Starting from the upcoming fall semester, students in primary and middle schools will have at least one course every week to learn basic household skills such as cleaning and cooking, plus cutting-edge technology including 3D printing and laser cutting.
The Ministry of Education recently released a new curriculum standard for labor education in compulsory education. The standard has three types of tasks: everyday chores, including cleaning, organizing, cooking, and using and maintaining home appliances; productive labor, including agriculture, making traditional handicrafts, and experience and application of new technologies; and service, including volunteer work.
Primary school students in first and second grades need to do basic cleaning, wash vegetables and peel fruit, and learn to raise one or two kinds of plants or small animals.
Third and fourth graders should clean their classrooms, wash their underwear, socks and shoes, know how to make cold dishes and use home appliances.
Fifth and sixth graders should master the skills of cooking two or three common dishes, such as fried eggs, or scrambled eggs with tomato.
For middle school students, they are encouraged to cook three or four dishes independently, learn how to make one or two kinds of traditional handicrafts, and experience one or two types of industrial labor, new technologies, modern service or volunteer work.
The new curriculum also stipulates the establishment of labor week, which refers to extracurricular, off-campus, continuous and intensive activities that occur every school year.
It calls for the participation of families in students’ labor education. Schools should use various means to help parents realize the importance of labor education and help parents make household lists to improve students’ independence.
The curriculum has been widely discussed on social media and became the top trending topic on Sina Weibo.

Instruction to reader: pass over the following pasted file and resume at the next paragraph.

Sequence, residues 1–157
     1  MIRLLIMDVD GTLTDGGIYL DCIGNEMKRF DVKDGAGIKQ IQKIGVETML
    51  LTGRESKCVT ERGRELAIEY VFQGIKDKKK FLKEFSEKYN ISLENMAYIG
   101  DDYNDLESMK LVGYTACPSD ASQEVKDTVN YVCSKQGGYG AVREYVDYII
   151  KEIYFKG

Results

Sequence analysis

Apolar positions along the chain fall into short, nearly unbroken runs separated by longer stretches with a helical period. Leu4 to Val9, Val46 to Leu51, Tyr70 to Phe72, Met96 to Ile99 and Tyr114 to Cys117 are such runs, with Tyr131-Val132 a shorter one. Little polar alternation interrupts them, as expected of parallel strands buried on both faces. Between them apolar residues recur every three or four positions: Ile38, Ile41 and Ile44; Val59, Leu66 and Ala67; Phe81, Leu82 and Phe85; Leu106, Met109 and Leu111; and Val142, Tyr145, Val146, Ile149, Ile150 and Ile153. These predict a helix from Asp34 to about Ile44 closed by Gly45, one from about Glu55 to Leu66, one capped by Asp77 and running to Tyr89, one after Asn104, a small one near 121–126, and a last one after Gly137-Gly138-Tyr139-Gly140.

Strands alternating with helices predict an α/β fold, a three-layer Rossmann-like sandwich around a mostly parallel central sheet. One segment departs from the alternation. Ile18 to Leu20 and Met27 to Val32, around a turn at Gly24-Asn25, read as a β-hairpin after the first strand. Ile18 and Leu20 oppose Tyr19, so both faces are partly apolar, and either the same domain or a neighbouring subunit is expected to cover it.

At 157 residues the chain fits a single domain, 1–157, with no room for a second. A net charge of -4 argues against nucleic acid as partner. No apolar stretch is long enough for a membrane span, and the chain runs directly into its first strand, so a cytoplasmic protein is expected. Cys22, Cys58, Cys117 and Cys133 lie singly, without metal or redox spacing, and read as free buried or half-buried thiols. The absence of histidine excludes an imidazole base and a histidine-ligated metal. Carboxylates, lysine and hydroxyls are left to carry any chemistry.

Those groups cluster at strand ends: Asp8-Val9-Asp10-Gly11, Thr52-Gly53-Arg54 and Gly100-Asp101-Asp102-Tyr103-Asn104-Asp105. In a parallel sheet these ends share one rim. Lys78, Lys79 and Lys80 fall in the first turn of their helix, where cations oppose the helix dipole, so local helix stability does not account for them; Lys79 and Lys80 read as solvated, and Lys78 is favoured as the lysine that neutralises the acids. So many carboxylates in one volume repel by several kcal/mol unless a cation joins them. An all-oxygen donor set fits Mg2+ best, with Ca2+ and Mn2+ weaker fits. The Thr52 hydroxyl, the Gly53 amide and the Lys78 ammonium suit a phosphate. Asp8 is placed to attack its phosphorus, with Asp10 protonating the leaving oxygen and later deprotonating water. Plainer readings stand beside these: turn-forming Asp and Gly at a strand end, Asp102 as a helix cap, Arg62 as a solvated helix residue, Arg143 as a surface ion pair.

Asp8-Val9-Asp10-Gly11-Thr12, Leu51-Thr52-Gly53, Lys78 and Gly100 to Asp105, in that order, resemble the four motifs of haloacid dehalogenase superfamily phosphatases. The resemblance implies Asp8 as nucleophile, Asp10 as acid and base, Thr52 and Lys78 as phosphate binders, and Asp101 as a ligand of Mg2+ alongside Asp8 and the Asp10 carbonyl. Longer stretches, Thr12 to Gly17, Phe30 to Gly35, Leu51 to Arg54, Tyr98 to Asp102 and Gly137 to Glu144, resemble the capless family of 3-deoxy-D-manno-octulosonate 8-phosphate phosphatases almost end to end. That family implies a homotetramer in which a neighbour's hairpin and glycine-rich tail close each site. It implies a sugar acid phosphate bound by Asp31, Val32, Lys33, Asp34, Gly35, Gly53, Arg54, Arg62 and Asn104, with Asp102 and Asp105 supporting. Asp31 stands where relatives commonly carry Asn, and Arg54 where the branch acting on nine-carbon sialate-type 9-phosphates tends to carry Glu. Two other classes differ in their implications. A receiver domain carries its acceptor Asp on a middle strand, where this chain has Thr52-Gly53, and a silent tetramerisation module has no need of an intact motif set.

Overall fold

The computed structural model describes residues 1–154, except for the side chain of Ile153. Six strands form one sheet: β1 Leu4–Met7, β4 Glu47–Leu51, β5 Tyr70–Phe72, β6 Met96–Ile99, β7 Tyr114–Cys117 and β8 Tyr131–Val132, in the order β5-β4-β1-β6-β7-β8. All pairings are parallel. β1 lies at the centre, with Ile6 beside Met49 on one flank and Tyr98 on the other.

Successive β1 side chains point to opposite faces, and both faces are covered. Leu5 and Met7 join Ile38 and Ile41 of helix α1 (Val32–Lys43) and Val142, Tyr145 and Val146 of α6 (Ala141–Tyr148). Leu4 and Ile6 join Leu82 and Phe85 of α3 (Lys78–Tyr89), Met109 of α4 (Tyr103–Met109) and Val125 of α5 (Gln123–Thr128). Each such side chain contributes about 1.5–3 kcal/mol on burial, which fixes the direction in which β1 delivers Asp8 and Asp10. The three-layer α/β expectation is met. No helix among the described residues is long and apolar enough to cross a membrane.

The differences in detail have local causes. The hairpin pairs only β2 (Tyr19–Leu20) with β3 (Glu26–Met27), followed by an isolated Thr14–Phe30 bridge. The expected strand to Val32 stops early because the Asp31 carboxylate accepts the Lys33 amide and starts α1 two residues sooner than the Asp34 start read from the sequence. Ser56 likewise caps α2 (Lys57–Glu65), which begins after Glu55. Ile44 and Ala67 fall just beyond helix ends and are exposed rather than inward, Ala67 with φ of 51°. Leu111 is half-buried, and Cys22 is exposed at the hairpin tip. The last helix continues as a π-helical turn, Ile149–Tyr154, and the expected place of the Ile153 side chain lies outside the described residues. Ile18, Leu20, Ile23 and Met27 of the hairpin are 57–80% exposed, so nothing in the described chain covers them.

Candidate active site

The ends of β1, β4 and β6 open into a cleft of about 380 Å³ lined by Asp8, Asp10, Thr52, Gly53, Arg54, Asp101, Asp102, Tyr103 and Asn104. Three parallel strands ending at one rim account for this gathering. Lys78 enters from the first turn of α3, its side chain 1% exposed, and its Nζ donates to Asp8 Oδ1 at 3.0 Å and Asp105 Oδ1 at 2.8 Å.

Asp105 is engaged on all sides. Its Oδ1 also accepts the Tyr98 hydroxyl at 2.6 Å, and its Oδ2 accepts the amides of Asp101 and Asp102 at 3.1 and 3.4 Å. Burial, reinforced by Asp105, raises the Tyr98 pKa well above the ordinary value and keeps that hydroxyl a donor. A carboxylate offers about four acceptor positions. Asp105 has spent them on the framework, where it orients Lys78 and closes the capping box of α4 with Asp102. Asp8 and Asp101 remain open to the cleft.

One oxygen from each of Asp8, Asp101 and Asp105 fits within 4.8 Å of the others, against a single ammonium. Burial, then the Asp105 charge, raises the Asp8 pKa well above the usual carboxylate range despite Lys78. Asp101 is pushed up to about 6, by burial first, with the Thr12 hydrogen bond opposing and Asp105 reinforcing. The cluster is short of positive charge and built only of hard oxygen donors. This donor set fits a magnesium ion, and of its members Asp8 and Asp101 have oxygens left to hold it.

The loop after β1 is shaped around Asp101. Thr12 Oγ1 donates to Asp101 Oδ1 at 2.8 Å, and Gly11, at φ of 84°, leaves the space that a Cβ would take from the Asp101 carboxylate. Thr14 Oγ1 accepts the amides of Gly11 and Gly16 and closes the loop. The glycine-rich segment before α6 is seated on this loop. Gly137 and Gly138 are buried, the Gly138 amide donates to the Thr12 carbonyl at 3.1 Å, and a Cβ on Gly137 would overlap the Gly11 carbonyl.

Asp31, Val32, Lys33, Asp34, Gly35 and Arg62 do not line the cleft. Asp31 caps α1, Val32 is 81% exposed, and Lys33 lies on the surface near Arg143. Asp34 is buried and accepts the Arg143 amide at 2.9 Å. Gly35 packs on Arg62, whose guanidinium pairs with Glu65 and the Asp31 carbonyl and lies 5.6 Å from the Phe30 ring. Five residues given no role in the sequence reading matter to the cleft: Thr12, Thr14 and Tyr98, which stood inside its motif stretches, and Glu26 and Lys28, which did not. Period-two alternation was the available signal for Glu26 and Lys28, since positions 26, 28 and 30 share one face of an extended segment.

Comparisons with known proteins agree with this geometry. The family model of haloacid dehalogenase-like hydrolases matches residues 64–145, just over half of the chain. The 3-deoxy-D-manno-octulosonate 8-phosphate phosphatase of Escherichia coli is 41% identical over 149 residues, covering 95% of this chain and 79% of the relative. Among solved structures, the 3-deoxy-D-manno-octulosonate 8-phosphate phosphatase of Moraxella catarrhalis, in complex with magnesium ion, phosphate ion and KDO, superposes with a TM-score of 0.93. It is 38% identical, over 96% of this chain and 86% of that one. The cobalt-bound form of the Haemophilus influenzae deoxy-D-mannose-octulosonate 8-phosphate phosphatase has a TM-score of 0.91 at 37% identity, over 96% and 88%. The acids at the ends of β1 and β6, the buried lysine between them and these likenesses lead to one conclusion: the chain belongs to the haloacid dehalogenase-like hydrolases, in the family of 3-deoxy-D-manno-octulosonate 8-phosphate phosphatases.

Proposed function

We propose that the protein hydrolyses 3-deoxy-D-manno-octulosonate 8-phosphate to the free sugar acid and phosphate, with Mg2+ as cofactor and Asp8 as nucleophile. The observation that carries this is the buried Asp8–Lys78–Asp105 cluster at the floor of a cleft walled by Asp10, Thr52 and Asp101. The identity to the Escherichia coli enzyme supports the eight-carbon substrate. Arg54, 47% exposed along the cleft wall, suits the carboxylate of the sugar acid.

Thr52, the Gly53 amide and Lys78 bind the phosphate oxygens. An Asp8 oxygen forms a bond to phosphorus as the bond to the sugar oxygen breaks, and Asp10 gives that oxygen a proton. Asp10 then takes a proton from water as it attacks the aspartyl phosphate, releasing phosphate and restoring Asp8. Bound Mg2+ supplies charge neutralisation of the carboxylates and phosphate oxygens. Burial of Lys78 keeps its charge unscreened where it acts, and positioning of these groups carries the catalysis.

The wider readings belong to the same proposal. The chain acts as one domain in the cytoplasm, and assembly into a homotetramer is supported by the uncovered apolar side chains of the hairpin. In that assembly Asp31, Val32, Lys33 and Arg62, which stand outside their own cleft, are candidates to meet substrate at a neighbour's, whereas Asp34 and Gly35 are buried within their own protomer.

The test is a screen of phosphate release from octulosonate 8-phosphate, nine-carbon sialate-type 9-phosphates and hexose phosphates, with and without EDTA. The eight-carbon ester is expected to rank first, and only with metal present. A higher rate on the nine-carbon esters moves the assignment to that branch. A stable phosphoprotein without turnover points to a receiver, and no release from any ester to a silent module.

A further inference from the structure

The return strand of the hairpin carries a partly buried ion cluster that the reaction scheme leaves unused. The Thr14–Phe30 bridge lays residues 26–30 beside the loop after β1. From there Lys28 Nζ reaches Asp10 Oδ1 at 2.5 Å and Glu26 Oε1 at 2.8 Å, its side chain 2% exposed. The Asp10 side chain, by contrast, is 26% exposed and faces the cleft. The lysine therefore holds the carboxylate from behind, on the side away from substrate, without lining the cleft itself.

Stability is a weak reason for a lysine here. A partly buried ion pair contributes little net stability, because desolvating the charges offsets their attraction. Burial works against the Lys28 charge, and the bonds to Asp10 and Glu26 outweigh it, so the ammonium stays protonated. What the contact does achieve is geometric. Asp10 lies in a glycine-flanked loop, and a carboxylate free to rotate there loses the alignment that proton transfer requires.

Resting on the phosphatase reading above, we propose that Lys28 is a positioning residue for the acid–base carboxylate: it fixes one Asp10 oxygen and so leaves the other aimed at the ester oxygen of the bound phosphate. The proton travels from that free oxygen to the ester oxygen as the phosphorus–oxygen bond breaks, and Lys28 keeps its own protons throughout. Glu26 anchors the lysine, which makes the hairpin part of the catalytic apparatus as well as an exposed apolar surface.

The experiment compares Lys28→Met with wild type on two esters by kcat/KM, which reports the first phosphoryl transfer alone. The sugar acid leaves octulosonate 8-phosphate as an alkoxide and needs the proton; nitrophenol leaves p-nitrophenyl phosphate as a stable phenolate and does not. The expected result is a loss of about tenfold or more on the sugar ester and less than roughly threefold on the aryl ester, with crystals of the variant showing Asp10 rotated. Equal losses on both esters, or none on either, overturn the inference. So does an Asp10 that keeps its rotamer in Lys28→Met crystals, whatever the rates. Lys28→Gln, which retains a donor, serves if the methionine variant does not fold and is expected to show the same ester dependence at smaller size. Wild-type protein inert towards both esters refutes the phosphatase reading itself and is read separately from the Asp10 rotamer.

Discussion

Netizens welcomed the inclusion of such courses and said it is necessary to teach young students basic skills. Some have regretted not learning such skills during their school days.
Yang Jianping, mother of a first grader in Beijing, said she strongly supports teaching students such courses so they learn the necessary technical and labor skills in life.
Her son’s head teacher asks the students to clean the classrooms and use disinfecting wipes to clean the desks, chairs and classroom floors, she said.
She also asks him to help make simple dishes and has taken him to plant vegetables at his grandmother’s garden in the countryside during winter vacation, Yang said.
“He is very interested in planting vegetables and asks to video chat with his grandmother to see the plants every day,” she said.
Xiong Bingqi, director of 21st Century Education Research Institute, said more supervision and regulation are needed to ensure local governments and schools allocate enough resources and teachers for labor education and open enough courses.
He said labor education needs family participation, yet many parents only value academic education and overlook other forms of education, he said.
Such forms of family education harm the development of children by taking away opportunities to experience life, develop necessary skills and become independent people, he added.